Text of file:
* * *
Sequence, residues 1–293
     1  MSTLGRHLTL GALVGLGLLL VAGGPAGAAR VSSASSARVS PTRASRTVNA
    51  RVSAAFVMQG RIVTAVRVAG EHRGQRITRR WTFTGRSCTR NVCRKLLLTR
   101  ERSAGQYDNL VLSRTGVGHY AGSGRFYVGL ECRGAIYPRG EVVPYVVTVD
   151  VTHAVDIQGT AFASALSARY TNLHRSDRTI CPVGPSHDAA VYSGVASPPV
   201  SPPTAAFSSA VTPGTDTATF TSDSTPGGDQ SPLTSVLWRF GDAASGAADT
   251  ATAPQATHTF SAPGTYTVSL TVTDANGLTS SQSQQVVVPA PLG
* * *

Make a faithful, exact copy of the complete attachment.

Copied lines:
Sequence, residues 1–293
     1  MSTLGRHLTL GALVGLGLLL VAGGPAGAAR VSSASSARVS PTRASRTVNA
    51  RVSAAFVMQG RIVTAVRVAG EHRGQRITRR WTFTGRSCTR NVCRKLLLTR
   101  ERSAGQYDNL VLSRTGVGHY AGSGRFYVGL ECRGAIYPRG EVVPYVVTVD
   151  VTHAVDIQGT AFASALSARY TNLHRSDRTI CPVGPSHDAA VYSGVASPPV
   201  SPPTAAFSSA VTPGTDTATF TSDSTPGGDQ SPLTSVLWRF GDAASGAADT
   251  ATAPQATHTF SAPGTYTVSL TVTDANGLTS SQSQQVVVPA PLG